Tendering of Metropolitan Bus Contracts

Tabled: 6 May 2015

Auditor-General's comments

John Doyle, Victorian Auditor-General

John Doyle

Auditor-General

Audit team

Steven Vlahos—Engagement Leader

Tony Brown—Acting Engagement Leader

Helen Lilley—Team Leader

Ray Seidel-Davies—Senior Analyst

Rosy Andaloro—Analyst

Engagement Quality Control Reviewer

Andrew Evans

Buses are a vital part of Melbourne's public transport system. For approximately 80 per cent of households, they are the only readily accessible form of public transport. This is particularly the case for Melbourne's middle and outer suburbs, where buses provide cross-town transport, local services and critical links to the rail network. As these services cost Victorians around $1 billion per year, it is vital that the state receives the best value possible for this money.

However, my recent audits, Coordinating Public Transport (2014) and Developing Transport Infrastructure and Services for Population Growth Areas (2013) have highlighted significant shortcomings with these services due, in part, to deficient contractual arrangements which offer minimal incentives for improving services.

Specifically, these audits found that many of Melbourne's bus routes currently have long wait times, indirect routes, and do not operate on schedules designed to harmonise well with the rail network or other bus routes. These issues are longstanding and reduce the usefulness of bus services for commuters and impede patronage growth.

In this audit, I examined whether the state has effectively secured value for money from the new Melbourne Metropolitan Bus Franchise (MMBF) which was established in 2013 to deliver around 30 per cent of Melbourne's bus services. The MMBF agreement is fundamentally different to any other contracting arrangement within Melbourne's bus network as it contains strengthened incentives and penalties designed to drive improvements in bus services.

I examined the planning and conduct of the MMBF tender, as well as Public Transport Victoria's (PTV) management of the resulting contract. I also examined the state's progress towards reforming the remaining metropolitan bus contracts—covering around 70 per cent of services—that will expire in 2018.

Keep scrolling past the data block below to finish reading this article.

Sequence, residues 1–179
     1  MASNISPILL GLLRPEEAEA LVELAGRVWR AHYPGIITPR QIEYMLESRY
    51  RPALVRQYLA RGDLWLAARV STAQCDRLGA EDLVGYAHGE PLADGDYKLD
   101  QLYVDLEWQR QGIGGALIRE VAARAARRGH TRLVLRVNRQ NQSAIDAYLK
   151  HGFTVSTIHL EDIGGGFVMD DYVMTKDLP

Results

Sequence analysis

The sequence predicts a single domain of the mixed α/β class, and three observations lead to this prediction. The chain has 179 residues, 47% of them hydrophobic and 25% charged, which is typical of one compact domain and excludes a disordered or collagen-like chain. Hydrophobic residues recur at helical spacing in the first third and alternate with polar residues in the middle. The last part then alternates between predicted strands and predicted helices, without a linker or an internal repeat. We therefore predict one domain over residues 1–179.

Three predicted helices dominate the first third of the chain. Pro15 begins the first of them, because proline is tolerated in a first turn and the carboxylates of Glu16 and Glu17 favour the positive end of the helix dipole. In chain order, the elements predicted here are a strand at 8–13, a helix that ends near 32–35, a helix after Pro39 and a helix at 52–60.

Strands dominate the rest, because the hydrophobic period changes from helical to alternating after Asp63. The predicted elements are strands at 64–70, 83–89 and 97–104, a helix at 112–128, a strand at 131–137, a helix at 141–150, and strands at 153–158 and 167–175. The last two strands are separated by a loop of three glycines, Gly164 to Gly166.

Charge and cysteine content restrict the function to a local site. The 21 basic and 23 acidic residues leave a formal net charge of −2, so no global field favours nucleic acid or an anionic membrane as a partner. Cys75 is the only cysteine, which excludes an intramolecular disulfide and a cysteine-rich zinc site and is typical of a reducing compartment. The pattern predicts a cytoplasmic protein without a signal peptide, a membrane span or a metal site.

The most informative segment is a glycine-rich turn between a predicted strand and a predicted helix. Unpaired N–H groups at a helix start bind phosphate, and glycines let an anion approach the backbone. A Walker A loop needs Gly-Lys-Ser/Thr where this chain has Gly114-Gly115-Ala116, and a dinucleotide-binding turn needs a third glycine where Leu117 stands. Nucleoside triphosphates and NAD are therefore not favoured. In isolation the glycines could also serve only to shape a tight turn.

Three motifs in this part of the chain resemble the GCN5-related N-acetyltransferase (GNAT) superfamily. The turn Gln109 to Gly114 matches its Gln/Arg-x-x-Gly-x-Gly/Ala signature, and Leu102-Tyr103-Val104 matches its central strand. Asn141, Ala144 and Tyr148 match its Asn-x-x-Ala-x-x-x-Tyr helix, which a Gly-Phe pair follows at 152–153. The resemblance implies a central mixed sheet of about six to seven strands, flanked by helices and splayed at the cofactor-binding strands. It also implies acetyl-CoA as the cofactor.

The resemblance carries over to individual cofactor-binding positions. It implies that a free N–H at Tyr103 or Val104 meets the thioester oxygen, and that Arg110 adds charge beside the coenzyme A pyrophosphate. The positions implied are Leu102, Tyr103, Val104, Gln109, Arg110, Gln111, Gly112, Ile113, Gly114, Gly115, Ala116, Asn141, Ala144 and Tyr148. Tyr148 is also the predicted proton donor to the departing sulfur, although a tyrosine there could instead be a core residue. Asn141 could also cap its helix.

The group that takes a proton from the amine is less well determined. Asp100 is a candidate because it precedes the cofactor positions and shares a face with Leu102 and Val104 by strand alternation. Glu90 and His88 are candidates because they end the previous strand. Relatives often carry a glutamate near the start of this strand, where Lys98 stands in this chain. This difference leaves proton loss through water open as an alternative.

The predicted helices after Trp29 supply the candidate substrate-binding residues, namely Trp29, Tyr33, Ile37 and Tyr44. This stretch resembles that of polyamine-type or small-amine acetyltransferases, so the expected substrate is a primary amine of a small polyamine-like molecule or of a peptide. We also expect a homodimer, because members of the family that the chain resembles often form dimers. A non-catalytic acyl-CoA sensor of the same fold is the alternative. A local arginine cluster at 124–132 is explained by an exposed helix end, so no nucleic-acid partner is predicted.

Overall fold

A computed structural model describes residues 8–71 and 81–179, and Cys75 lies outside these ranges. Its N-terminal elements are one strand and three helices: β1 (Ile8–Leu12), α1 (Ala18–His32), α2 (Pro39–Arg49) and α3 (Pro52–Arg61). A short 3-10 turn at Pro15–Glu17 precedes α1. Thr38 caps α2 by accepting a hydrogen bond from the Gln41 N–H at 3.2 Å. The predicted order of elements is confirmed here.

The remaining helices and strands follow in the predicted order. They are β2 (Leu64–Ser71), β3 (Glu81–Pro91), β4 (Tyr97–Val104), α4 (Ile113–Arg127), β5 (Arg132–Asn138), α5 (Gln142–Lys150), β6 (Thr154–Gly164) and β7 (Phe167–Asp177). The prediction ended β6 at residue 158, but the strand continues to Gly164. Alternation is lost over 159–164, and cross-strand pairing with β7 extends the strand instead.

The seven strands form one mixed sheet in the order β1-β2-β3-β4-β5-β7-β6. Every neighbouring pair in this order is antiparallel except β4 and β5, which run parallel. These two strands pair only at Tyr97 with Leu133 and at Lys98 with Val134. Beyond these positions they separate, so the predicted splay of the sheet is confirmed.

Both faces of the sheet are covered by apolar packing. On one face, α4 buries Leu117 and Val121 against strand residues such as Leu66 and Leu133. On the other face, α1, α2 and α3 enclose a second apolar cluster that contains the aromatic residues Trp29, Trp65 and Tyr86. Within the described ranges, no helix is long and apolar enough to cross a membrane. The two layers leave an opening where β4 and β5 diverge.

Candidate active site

I found that the state has not yet secured full value for money from the MMBF agreement despite achieving almost $33 million in cost savings in 2013–14. This is because PTV has failed to:

  • resolve longstanding data reliability issues impacting the operation of the performance regime by April 2015 when it was due to be fully implemented
  • withhold payments for instances of non-performance to encourage timely corrective action
  • reach a timely agreement with the operator on the standard for determining incentive payments for improvements in bus patronage.

PTV needs to strengthen its management of the MMBF contract and urgently address longstanding data reliability issues as this situation is compromising its capacity to reliably assess and manage the operator's performance.

Of particular concern is the Department of Economic Development, Jobs, Transport and Resources (DEDJTR) and PTV's slow progress towards reforming the balance of metropolitan bus contracts. These contracts have never been exposed to open market competition as historically they have been renewed with the incumbent operators. Their expiry in 2018 therefore means the state is now rapidly approaching a critical juncture.

My predecessor's 2009 audit Melbourne's New Bus Contracts highlighted that procurement and reform options needed to be presented to government as a matter of urgency, as any change in the delivery arrangements for these services will require extensive planning and lead time to assure the availability of critical assets and infrastructure. However, progress on this initiative has been slow as initial planning to address these issues has only recently commenced.

Consequently, the state risks having its options in 2018 severely curtailed due to a lack of time to substantively progress these reforms, meaning it may be forced to again renegotiate with incumbent operators.

This scenario, should it eventuate, represents the worst possible economic outcome for the state. It would compromise the immediate opportunity to leverage better value for the $1 billion spent on bus services each year.

I have made 13 recommendations to address these issues. The recommendations reinforce the need for PTV to remedy the problems with performance data and contract management. I also urge PTV and DEDJTR to present future reform options to government as a matter of urgency.

I intend to monitor implementation of these recommendations, and will follow up with PTV, DEDJTR and the Department of Treasury and Finance (DTF) to ensure appropriate measures have been taken.

I wish to thank the staff in PTV, DEDJTR and DTF for their constructive engagement throughout the audit process.

Signature of John Doyle (Auditor-General)

John Doyle

Auditor-General

May 2015

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